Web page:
U.S. Seventh Circuit - FindLaw

U.S. Seventh Circuit - The FindLaw 7th Circuit Court of Appeals Opinion Summaries Blog


A Wisconsin law requires convicted sex offenders who have been released from civil commitment to wear a GPS ankle bracelet all day, every day, for the rest of their lives. And that is not an unconstitutional violation of their privacy, the Seventh Circuit ruled recently.

The ankle monitor sends daily reports of the offender's movements to the Wisconsin Department of Corrections, who can then use the information to connect offenders to reported sexual assaults.

A Putnam County, Indiana, sheriff's deputy who was convicted for excessive force won't get off with just a 14-month sentence, the Seventh Circuit ruled last Thursday. Calling the sentence "light," when compared to similar cases, the court demanded that sheriff's deputy Terry Joe Smith be resentenced.

Smith was convicted following a series of violent episodes in 2012, characterized by the court as "violent, gratuitous, and sadistic," which included beating subdued, unresisting, and handcuffed suspects.

Ramadan Meals Case Revived by 7th Cir.

The Seventh Circuit revived a free exercise of religion case in which a Muslim inmate sued his jailers for interfering with his observance of Ramadan by withholding "special meals."

The circuit vacated the lower court's summary judgment in favor of the defendant. According to the court, making a prisoner choose between food and religion is a substantial burden on his free exercise.

Posner Shoots Down 'Bounty Hunter' Who Exposed Fraud for Money

This week, Judge Richard Posner authored a rather pithy and readable opinion in which his court affirmed a lower district court's dismissal of a relator's claim seeking a hefty reward for shining a light on a contractor's fraud.

Nice try, said Judge Posner. You can't collect a bounty for a target already in hand.

Spirit of AC21 Act Should Be Followed, Rules 2nd Cir.

In an immigration employment decision that could have far reaching impacts, the Court of Appeals for the Second Circuit ruled that the legislative attempts to hasten H-1B "portability" for immigrants continues to be stymied by bureaucracy even 15 years after passing the American Competitiveness in the 21st Century Act.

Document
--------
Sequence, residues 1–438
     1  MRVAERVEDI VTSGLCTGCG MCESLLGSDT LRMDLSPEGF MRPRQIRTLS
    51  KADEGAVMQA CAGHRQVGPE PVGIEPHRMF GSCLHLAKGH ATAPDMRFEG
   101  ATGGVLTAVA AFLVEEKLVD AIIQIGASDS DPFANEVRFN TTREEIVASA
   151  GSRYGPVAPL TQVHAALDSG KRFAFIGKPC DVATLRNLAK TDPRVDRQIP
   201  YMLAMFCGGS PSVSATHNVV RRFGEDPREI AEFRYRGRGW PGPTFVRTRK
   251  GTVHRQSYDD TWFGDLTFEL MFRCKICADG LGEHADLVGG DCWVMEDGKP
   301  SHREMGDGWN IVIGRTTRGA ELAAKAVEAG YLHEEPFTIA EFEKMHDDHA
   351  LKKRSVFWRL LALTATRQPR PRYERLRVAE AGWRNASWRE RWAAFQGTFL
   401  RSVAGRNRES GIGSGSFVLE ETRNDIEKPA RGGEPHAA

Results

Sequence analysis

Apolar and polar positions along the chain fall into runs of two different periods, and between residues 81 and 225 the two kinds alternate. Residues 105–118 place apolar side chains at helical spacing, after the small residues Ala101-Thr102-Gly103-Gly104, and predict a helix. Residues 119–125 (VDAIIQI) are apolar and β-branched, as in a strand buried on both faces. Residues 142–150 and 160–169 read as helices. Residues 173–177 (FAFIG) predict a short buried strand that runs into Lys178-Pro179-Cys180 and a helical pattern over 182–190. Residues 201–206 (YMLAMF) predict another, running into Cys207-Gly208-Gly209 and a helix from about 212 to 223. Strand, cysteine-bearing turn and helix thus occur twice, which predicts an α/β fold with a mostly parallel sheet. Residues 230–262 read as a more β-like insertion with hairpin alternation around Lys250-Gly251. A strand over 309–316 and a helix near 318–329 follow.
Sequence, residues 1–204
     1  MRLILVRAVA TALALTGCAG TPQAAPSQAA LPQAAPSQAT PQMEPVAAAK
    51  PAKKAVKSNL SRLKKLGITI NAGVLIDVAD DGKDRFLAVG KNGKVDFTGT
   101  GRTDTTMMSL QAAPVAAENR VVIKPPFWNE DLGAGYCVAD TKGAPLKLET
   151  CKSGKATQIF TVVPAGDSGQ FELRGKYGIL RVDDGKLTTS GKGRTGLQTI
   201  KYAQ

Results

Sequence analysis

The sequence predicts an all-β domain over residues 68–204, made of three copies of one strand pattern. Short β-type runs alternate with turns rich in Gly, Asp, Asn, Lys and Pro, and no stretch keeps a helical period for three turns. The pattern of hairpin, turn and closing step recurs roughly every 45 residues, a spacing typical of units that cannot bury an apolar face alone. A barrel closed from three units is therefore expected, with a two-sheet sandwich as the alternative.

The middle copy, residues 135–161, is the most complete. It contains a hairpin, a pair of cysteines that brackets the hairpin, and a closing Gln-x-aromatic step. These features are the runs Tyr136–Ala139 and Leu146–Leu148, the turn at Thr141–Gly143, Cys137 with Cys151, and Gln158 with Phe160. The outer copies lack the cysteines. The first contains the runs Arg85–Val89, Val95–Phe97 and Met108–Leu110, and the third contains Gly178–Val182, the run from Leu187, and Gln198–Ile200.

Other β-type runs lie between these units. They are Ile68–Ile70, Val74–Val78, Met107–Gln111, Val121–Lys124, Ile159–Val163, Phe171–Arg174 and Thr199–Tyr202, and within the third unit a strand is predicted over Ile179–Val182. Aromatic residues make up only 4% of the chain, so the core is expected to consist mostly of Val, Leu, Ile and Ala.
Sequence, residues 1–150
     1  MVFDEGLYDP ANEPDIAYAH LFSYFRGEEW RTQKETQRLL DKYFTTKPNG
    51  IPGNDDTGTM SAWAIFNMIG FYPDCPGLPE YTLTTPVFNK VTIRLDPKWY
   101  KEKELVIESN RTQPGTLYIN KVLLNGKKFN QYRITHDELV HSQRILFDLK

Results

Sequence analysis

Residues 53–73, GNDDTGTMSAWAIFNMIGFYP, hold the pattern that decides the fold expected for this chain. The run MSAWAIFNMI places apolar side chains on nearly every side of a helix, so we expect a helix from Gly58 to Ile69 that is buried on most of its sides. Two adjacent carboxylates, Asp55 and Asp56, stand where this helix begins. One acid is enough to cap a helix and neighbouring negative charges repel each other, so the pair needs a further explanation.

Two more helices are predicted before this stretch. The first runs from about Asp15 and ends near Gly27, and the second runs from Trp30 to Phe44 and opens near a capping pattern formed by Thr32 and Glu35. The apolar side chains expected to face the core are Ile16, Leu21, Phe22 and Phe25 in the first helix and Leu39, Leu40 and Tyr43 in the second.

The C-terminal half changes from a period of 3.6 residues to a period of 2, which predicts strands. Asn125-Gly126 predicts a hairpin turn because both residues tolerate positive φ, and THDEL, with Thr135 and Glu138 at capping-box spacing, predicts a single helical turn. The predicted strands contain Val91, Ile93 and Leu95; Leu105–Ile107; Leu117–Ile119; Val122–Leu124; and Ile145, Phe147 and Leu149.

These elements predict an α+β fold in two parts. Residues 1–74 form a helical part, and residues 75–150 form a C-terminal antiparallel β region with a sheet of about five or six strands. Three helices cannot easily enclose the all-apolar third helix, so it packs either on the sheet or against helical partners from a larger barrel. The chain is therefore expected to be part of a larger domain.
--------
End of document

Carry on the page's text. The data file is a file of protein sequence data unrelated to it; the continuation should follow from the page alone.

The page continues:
According to the Second Circuit's ruling, leaving one's immigration status squarely in the hands of a disinterested employer is inimical to the act's purpose.

Water Analyst Can Publish Water Use Report, 7th Cir. Rules

A water analyst hired by Chicago's non-profit Alliance for Water Efficiency (AWE) will be allowed to publish the findings of a water report that "left the Alliance dissatisfied."

Even though the plaintiff in the case sought to be completely disassociated with the report, it does not appear that will be possible under the terms of the court finding. The circuit's response? Tough luck.

7th Cir. Rules on 'Our Lady of America' Defamation Case

The Seventh Circuit's Court of Appeals overturned a lower court's injunction ordering the complete shutdown of a blog in a legal battle over religious artifacts and defamation.

Being called a "fake nun" -- have any more libelous words ever been put to paper?

If you want to possess a firearm in Illinois, you need a Firearm Owners Identification card, or FOID. FOIDs aren't hard to get. A driver's license, recent photograph, and $10 are all that's required of most applicants. But if you're between the ages of 18 and 20, you'll also need a parent's consent. If mom and dad won't sign off, you have to jump through a few administrative hoops.

That extra hassle for teens who want guns isn't unconstitutional, the Seventh Circuit ruled on Monday.

Beer Sellers Aren't a 'Suspect Class,' 7th Cir. Rules

How do you keep underage teens from drinking beer? Obviously, by limiting the sale of cold beer to taverns, liquor stores, and bars! That's right, temperature is the key.

At least that's the argument promulgated by the state of Indiana. The Seventh Circuit said, "Sure, yeah right." And as weird as the rationale behind the law sounds, the real issue is whether or not it is fair to ban the sale of cold beer in some businesses and not in others. We challenge you to find weirder equal protection violation allegation before the year is out.

Nude Dancing? Not in Our Town! 7th Cir. Denies Owner's Relief

When Alva and Sandra Butler purchased a restaurant in Angola, Indiana, they had big plans to convert the venue into a nude dancing bar. Curiously, within days of buying the place, the city amended its zoning laws such that nude dancing would violate use restrictions...

Rather than alleging any taking by the government, the couple opted to raise a First Amendment violation and various other violations under Indiana law. After having their first petition for injunction denied, the Circuit seems to have taken a "hands off" approach.